The last few weeks have seen a number of headlines regarding the forthcoming changes in pension regulations which will make access to pension funds more attainable for the masses. The first batch of changes will come in on 6 April 2015 whereby those over 55 years of age will be able to access their whole pension fund in one go. Some experts have been suggesting that this sudden access to significant funds could prompt a property boom although nothing is quite as straightforward as it seems.
Is access to funds free?
From the age of 55 onwards you will be able to withdrawn a 25% tax-free lump sum, much the same as you have been able to for many years. However, you will also have access to the remainder of your fund in one lump sum or a drawdown process over the longer term. The problem is that any income which you take from your fund after your 25% tax-free lump sum will be treated as “additional income” and you will be taxed at your relevant rate.
There is also the issue of pension fund provider charges with concerns that some pension fund companies may introduce relatively high fees, to dissuade you from making large withdrawals, so that they are able to maintain as much of your pension fund going forward as possible. It is worth noting that pension fund management fees would obviously fall/be eliminated if you were to withdraw a significant portion of your funds under the new regulations.
Why will this not prompt a property boom?
While the change in pension fund regulations will give many people a significant amount of money to invest on their own terms for the future, the above charges will come into play. For example if you are looking to acquire a property worth around £300,000 and place down a deposit of £150,000 from your pension fund you could end up with a tax bill of around £40,000 (or more) for such a transaction.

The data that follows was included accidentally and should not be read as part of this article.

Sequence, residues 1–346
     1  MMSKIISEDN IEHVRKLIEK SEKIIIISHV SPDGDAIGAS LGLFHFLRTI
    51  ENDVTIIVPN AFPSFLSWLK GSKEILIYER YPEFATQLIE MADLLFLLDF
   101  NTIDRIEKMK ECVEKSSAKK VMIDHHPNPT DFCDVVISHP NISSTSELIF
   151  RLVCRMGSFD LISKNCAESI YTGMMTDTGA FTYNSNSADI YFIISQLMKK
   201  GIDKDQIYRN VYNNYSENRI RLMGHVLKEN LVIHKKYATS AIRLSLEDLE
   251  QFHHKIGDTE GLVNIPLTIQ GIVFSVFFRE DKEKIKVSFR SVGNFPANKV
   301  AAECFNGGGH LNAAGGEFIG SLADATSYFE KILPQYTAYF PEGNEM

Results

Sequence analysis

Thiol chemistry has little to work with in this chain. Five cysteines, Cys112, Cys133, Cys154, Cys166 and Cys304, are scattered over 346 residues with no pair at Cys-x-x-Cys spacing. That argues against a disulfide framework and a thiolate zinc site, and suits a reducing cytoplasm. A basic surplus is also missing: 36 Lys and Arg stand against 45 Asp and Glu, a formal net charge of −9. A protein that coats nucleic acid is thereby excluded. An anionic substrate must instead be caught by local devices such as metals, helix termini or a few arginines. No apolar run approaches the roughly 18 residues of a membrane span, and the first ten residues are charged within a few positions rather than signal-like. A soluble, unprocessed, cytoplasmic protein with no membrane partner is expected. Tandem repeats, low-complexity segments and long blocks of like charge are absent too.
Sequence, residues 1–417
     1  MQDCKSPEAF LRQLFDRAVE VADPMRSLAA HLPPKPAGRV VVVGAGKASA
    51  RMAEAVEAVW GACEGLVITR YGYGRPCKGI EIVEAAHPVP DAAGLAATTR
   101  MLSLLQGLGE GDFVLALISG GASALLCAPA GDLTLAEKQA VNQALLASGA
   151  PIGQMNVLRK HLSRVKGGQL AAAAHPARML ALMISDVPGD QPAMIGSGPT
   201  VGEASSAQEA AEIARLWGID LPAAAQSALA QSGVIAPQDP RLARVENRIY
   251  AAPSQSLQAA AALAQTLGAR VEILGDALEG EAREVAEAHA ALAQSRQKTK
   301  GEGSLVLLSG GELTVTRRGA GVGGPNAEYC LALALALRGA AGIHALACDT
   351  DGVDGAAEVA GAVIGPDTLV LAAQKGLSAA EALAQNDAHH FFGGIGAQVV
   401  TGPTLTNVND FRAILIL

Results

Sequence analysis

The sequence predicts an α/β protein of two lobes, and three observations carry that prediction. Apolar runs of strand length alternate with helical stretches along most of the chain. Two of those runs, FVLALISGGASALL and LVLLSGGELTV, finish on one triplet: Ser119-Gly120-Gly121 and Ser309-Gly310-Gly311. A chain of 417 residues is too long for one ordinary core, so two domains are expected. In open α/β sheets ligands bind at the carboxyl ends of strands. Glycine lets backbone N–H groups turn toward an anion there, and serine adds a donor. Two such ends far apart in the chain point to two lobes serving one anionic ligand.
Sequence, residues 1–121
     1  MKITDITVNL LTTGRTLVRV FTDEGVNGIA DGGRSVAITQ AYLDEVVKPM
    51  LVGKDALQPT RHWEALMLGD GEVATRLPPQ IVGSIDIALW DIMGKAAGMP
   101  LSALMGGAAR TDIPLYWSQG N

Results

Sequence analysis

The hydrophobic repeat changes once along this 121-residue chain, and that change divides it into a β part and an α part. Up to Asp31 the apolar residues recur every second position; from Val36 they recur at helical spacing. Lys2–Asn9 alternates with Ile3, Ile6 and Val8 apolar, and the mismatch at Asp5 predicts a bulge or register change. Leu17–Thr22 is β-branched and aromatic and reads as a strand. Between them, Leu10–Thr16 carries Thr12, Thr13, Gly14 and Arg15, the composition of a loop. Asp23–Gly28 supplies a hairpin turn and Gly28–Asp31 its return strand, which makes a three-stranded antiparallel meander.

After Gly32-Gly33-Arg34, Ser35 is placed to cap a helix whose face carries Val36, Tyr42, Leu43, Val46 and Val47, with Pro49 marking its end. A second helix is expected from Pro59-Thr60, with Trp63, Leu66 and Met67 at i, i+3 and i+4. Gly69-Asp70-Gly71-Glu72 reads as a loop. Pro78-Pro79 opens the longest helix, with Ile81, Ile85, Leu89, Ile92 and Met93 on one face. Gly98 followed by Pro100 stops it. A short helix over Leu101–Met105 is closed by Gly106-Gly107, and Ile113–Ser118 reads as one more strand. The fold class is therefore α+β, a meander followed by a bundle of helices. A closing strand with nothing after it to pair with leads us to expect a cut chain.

There is also the fact that rental income from property assets held outside of your pension scheme would attract income tax with potential capital gains tax if ever you were to crystallise a profit on the property. While these are obviously negative aspects to the proposed pension fund changes it is worth noting that residential property is not currently allowed as a pension fund investment under normal circumstances. So while there are significant taxes to take into consideration this would be the only way to invest in residential property in the long term.
Beware of the scams
While we will see more and more information and advice regarding pension fund changes in the weeks and months ahead there is already concern that scammers have plans in place to defraud ill-advised pension fund recipients. It is imperative that you do not react to cold calls and ensure that you have advisers in place who are fully regulated, registered and up-to-date on the latest pension fund regulations.
The freedom to access our pension fund will certainly prompt an array of fraudsters to try to confuse you, take advantage of you and potentially take receipt of your hard earned pension fund.
* Please note that the above article is for information purposes only and you should always consult your financial advisor before entering into any financial transactions.